In addition to the oocytes considered above, we also observed two oocytes that had four separated foci. A small number of oocytes with 3–4 FISH signals were also observed by Sherizen et al.  in c(3)G homozygotes. As suggested by those authors, the existence of these oocytes presumably reflects a role of the C(3)G protein in the maintenance of euchromatic sister chromatid cohesion as well as in the maintenance of homolog–homolog association. It is worth noting that both of these roles appear to be restricted to euchromatin; c(3)G oocytes show normal pairing in the heterochromatin .
Comparing the Frequencies of Failed Pairing and Synapsis in X/X and FM7/X Oocytes
Table 2 compares the frequency of failed synapsis for allelic lacO sites in X/X females and lacO couplets in FM7/X females by the three metrics considered above (observed frequency of two separated foci, corrected frequency of separated foci, and fraction of oocytes with two foci in which the foci are unsynapsed). Although all regions tested appear to be paired and synapsed in the majority of oocytes of both genotypes, it is clear that the frequencies of failed synapses are higher in FM7/X heterozygotes. The highest frequency of failed synapsis in FM7/X oocytes (~33%) was observed for the 1E/1C lacO couplet. This region is of specific interest because in FM7/X oocytes these two lacO arrays lie immediately proximal to the distal breakpoint of In(1)sc8, a distance less than 3% of the length of the X euchromatin. The presence of proper pairing and synapsis in the remaining two-thirds of FM7/X oocytes argues strongly that breakpoints do not usually disrupt pairing and synapsis even in the immediate vicinity of the breakpoint. For the remaining two lacO couplets (8F/9B and 18A/18C), which define regions lying in the middle of In(1)dl-49 and In(1)15D-20AE, the frequencies of apparent proper pairing and synapsis are estimated to be 75%–80%.
These observations argue strongly that the ability of the FM7 balancer chromosome to suppress exchange by more than 100-fold when heterozygous cannot be explained by a corresponding strong suppression of pairing and/or synapsis. However, the types of observations presented here cannot exclude the possibility that there are subtle differences in homolog–homolog associations or synapsis in FM7/X heterozygotes, or defects in SC structure, that cannot be resolved by the techniques employed here. Nonetheless, as shown in the next two sections, if such differences do exist, they do not preclude the normal initiation of recombination as evidenced by DSB formation.
X Chromosomes in FM7/X Heterozygotes Experience a Normal Number of DSBs
As noted in the Introduction, the FM7 chromosome functions to suppress crossing over, rather than simply eliminating crossovers that do occur. Still, our failure to detect a defect in either pairing or synapsis makes the absence of crossing over in FM7/X heterozygotes difficult to understand. To further investigate the mechanism underlying the crossover suppression in FM7/X heterozygotes, we sought to determine whether the suppression could be the result of the prevention of DSB formation between FM7 and the normal sequence X chromosome.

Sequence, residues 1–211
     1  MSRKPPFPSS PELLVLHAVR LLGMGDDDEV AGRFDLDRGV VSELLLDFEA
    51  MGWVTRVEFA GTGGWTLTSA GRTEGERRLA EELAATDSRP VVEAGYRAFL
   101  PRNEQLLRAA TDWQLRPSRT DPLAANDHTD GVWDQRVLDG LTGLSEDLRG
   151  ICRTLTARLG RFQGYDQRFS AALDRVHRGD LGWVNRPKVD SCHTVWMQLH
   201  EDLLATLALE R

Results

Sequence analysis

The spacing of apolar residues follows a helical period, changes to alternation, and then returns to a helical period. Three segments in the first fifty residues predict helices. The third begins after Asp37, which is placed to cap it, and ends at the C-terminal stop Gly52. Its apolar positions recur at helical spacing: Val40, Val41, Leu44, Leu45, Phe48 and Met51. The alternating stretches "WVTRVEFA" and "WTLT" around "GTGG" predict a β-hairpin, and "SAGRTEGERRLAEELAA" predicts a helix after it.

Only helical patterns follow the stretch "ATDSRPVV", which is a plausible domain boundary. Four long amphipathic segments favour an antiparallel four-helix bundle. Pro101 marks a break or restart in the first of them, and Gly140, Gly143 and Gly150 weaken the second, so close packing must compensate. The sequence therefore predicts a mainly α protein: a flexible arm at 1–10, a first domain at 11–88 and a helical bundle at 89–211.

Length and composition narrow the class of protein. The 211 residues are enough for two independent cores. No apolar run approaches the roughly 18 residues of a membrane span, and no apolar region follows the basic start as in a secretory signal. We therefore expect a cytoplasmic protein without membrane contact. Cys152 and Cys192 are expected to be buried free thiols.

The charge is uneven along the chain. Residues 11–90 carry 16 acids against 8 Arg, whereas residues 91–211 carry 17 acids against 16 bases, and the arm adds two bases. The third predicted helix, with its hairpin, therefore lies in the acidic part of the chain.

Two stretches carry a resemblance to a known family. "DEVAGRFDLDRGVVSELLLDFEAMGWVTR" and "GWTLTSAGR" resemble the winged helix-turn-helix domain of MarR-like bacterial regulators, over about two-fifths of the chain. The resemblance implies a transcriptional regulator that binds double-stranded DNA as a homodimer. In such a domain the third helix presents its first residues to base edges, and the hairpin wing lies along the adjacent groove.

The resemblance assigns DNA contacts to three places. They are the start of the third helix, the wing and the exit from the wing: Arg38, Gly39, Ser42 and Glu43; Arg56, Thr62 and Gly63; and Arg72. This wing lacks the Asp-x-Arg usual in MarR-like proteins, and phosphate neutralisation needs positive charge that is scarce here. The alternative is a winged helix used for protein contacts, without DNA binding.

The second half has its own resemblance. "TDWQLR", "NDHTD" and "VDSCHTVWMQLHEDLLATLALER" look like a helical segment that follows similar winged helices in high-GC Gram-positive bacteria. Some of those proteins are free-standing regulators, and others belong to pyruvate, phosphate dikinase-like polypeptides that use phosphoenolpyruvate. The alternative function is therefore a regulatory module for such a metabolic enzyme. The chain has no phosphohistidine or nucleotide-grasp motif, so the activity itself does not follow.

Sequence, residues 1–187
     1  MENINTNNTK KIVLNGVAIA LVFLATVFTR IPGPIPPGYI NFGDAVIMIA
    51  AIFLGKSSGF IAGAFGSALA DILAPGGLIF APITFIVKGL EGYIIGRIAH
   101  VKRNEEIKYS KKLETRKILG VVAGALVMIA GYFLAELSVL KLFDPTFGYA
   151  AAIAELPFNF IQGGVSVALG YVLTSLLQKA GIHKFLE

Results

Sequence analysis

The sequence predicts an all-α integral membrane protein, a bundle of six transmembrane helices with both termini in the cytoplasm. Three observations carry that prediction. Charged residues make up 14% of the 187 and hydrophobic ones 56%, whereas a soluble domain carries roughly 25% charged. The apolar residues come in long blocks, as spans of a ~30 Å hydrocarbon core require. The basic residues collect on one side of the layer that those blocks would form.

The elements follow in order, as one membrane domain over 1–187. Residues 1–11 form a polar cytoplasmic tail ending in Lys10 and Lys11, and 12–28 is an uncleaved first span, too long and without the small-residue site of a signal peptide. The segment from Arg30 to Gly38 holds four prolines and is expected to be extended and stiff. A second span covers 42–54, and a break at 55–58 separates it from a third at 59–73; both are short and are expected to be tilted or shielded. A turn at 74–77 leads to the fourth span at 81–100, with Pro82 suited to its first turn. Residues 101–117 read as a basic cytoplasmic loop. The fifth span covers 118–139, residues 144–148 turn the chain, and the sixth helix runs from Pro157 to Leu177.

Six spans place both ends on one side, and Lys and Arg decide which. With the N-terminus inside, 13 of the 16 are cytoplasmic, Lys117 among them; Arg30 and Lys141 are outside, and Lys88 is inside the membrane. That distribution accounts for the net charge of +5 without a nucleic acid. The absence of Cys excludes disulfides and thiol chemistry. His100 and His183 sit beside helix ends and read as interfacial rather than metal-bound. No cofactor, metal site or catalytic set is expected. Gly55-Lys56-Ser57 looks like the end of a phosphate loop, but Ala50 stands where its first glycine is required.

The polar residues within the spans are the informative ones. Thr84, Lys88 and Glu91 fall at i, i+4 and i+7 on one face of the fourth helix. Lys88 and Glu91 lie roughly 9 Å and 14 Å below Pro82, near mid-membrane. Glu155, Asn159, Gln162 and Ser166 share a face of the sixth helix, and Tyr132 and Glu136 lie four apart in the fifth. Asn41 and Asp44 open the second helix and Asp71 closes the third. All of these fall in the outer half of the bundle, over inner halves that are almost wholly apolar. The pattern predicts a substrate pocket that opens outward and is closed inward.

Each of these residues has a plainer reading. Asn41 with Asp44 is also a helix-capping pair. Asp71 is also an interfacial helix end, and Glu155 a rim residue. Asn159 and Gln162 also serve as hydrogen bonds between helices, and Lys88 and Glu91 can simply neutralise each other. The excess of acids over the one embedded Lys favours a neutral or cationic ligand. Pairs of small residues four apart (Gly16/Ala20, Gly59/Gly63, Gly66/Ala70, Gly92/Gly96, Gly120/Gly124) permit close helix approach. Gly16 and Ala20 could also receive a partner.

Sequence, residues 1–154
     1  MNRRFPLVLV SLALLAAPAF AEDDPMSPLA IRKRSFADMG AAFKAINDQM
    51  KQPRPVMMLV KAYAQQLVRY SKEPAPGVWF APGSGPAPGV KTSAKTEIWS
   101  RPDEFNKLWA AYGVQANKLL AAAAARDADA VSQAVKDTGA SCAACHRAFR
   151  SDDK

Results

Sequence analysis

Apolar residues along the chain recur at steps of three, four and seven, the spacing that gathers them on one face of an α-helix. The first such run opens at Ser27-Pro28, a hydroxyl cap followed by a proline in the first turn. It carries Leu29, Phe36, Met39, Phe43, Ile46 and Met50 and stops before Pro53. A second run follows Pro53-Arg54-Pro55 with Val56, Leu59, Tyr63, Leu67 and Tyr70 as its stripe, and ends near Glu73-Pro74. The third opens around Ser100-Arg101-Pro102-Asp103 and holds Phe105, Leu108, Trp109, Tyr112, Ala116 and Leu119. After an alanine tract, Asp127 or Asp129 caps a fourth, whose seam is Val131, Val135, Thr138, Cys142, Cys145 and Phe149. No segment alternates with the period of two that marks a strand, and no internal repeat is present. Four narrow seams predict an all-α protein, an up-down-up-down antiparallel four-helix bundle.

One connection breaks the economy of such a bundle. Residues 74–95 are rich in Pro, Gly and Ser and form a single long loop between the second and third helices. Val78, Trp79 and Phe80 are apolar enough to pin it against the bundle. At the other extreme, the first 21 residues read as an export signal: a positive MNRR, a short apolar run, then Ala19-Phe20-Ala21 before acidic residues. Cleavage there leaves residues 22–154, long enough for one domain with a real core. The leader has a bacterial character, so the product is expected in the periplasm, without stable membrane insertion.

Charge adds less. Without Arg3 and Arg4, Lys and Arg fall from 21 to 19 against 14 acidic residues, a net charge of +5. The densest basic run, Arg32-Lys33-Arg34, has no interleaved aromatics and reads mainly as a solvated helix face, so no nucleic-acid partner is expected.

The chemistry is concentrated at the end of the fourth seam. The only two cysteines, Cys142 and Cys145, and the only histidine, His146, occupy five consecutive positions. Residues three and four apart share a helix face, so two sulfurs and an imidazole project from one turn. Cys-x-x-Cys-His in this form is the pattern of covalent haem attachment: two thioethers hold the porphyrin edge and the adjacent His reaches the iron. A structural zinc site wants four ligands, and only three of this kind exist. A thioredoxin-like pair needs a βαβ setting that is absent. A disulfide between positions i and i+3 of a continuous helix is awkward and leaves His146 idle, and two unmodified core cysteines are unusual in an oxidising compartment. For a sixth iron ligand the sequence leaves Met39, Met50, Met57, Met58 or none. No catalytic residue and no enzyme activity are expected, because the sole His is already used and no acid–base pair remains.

To determine whether DSBs were formed along the length of the synapsed FM7/X pair, we visualized sites of DSB formation using γ-HIS2AV antibody [24,25] as well as paired lacO sites in C(3)G-positive nuclei. Such an analysis requires finding only those cytologically favorable nuclei in which a well-separated length of SC is marked by paired GFP foci, and then assaying that stretch of SC for the presence of a γ-HIS2AV focus (or foci) indicative of DSB formation.
In this study, allelic pairs at 9B and 18C in X/X females were compared with lacO couplets at 8F/9B and 18A/18C in FM7/X females. As shown in Figure 6 and Table 3, such cases of SC stretches doubly marked with GFP foci and a γ-HIS2AV focus were observed in ~5% of the SC-positive nuclei for all four genotypes studied. Indeed, combining the data for the two nearby lacO couplets studied in FM7/X oocytes, we observed 12 cases in which the same stretch of SC was marked by both a GFP focus (or paired foci) and by a γ-HIS2AV focus out of 237 oocytes examined in FM7/X oocytes (5.1%). Similarly (again combining the data for the two allelic pairs of lacO insertions studied in X/X females), nine cases in which the same stretch of SC was marked by both a GFP focus (or paired foci) and by a γ-HIS2AV focus were observed in 190 oocytes from X/X females (4.7%). Furthermore, the average distances between a GFP focus and a γ-HIS2AV focus were not significantly different between FM7/X and X/X oocytes (p = 0.86; the average distance in X/X is 0.79 μm while the value is 0.81 μm in FM7/X). While it is not possible to compare either of these frequencies to some absolute expectation of the number of such foci per given length of SC, it is clear that there is no obvious reduction in the frequency of DSBs in balancer heterozygotes.
The representatives from FM7/X (18A/18C) and X/X (18C/18C) oocytes are shown in this figure. Single C(3)G-positive (red) meiotic cells are shown in each row. DSBs are indicated by γ-HIS2AV staining (blue, arrows). GFP foci (green, arrows) represent the pairing FM7 and X or X and X chromosomes. Two to three optical sections of images were projected. Bars = 1 μm.
Even a Global Suppression of Crossing Over Does Not Alter the Frequency of DSB Formation